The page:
40 S o m a l i a Econ o m ic Update 2015

7. From Unitary to Federal Government

S omalias journey from a unitary state to a 7.1 The Long Road to the Provisional Constitution

nascent federal system of governance has
he period from 1960 to 1969 was one of hope,
been long and difficult. The term federal did not
high expectations, and democratic experiment
appear in a Somali constitution until 2004, but
in Somalia. On July 1, 1960, the former British
in many respects Somalia has been on a journey
Protectorate of Somaliland, which had gained
to federalism for more than 30 years. In 1995,
independence from the United Kingdom five days
a report by two respected scholars of Somalia
recommended four models of decentralized earlier, came together voluntarily with the former
government, including federation, confederation, Italian colony Somaliland to form the Republic
and a consociational power-sharing arrangement of Somalia, under a centralized, parliamentary,
(Lewis and Mayall, 1995).17 Understanding the and unitary system of government. A democratic
complicated journey to todays provisional system with a directly elected national parliament
federal constitution is important if one is to prevailed until 1969. During this period, there were
appreciate the influences that will shape the two peaceful transfers of power.
emerging state and the decisions Somalias
constitutional architects will face in designing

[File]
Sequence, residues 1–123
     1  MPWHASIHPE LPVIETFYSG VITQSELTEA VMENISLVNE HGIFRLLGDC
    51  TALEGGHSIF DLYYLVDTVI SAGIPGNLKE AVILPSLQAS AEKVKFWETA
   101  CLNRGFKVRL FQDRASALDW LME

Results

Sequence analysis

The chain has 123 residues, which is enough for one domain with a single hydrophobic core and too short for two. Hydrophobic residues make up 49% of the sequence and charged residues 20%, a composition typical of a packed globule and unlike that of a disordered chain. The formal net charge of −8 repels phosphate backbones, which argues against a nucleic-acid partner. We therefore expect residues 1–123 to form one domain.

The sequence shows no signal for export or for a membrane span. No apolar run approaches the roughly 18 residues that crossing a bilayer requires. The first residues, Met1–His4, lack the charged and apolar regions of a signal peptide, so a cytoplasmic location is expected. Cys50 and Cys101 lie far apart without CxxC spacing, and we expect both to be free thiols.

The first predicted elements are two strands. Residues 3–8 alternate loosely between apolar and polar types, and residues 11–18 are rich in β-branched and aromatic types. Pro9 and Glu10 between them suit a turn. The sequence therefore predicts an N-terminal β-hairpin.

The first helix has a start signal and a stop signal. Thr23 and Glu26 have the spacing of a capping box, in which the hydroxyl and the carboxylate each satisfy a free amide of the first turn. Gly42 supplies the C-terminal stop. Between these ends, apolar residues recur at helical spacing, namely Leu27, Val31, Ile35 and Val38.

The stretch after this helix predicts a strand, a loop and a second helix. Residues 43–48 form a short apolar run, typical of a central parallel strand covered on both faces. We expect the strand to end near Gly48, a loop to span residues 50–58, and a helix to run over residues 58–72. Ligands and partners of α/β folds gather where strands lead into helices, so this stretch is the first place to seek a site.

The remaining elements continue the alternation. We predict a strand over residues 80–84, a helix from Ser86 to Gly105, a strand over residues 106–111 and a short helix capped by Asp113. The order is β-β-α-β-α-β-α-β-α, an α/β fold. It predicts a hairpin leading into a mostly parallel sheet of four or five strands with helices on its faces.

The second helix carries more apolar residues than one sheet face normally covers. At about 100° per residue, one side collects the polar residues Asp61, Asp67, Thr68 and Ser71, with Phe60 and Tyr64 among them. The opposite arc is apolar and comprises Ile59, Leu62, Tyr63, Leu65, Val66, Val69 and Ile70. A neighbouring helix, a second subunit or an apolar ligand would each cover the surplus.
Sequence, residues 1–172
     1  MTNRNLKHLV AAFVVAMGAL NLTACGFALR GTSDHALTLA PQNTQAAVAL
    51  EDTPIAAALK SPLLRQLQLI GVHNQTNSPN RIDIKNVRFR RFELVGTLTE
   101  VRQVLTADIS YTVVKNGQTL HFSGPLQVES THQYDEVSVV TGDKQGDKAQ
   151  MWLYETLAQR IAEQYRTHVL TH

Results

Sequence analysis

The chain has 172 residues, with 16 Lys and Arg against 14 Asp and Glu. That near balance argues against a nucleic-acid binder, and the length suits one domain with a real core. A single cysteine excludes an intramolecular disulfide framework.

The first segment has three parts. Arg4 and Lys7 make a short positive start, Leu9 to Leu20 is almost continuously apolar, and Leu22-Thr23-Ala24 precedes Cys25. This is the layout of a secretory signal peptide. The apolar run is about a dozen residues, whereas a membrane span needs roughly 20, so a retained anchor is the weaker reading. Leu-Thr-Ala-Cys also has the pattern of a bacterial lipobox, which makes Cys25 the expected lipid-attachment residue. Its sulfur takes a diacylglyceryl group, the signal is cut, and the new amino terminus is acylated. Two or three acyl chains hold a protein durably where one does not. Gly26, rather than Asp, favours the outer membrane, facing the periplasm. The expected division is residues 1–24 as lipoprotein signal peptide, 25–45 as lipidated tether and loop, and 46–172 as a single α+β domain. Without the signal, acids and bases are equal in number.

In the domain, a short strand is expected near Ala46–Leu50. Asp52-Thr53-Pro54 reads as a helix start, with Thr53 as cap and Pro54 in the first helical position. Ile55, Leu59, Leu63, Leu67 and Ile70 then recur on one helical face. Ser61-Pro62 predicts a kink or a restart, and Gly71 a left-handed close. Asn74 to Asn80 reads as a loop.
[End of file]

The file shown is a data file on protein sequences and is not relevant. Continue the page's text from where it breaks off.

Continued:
the fiscal arrangements (Box 7.1).

Box 7.1: Constitutional provisions chart the gradual emergence of a federal state
1960 Constitution:
Article 1: The Republic
Somalia is an independent and fully sovereign State. It is a representative, democratic, and unitary Republic. The Somali
people is one and indivisible.
2004 Transitional Federal Charter:
Article 1: Establishment of the Transitional Federal Government
There shall be a Transitional Federal Government of the Somali Republic based on the sovereign will of the Somali

Article 11:
The Transitional Federal Government of the Somali Republic shall have a decentralized system of administration based
on federalism.

2012 Provisional Constitution:

Article 1, Section 1
Somalia is a federal, sovereign, and democratic republic founded on inclusive representation of the people and a
multiparty system and social justice.

A confederation is an association of independent sovereign units that join together for certain purposes. The federal level of government is often nominated
by the members of the confederation, rather than directly elected. United Arab Emirates and Bosnia and Herzegovina are examples of confederal systems.
Consociational power sharing involves non-territorial power sharing among all the important communities within a state, regardless of where they live. State
institutions are designed to accommodate proportional representation of these communities, and veto power for minorities. Executive institutions like the
cabinet are designed to ensure representation of all groups. Within this framework, the individual communities are self-government. Belgium and Lebanon
are two examples of consociational government. The fourth model proposed by the report was a unitary decentralized democracy.

October 2 0 1 5 | Edition No. 1 41

7. From Unitary to Federal Government

A bloodless coup put an end to democracy. In to avoid the violence that engulfed the rest of
October 1969, following the assassination of the country, first by establishing security forces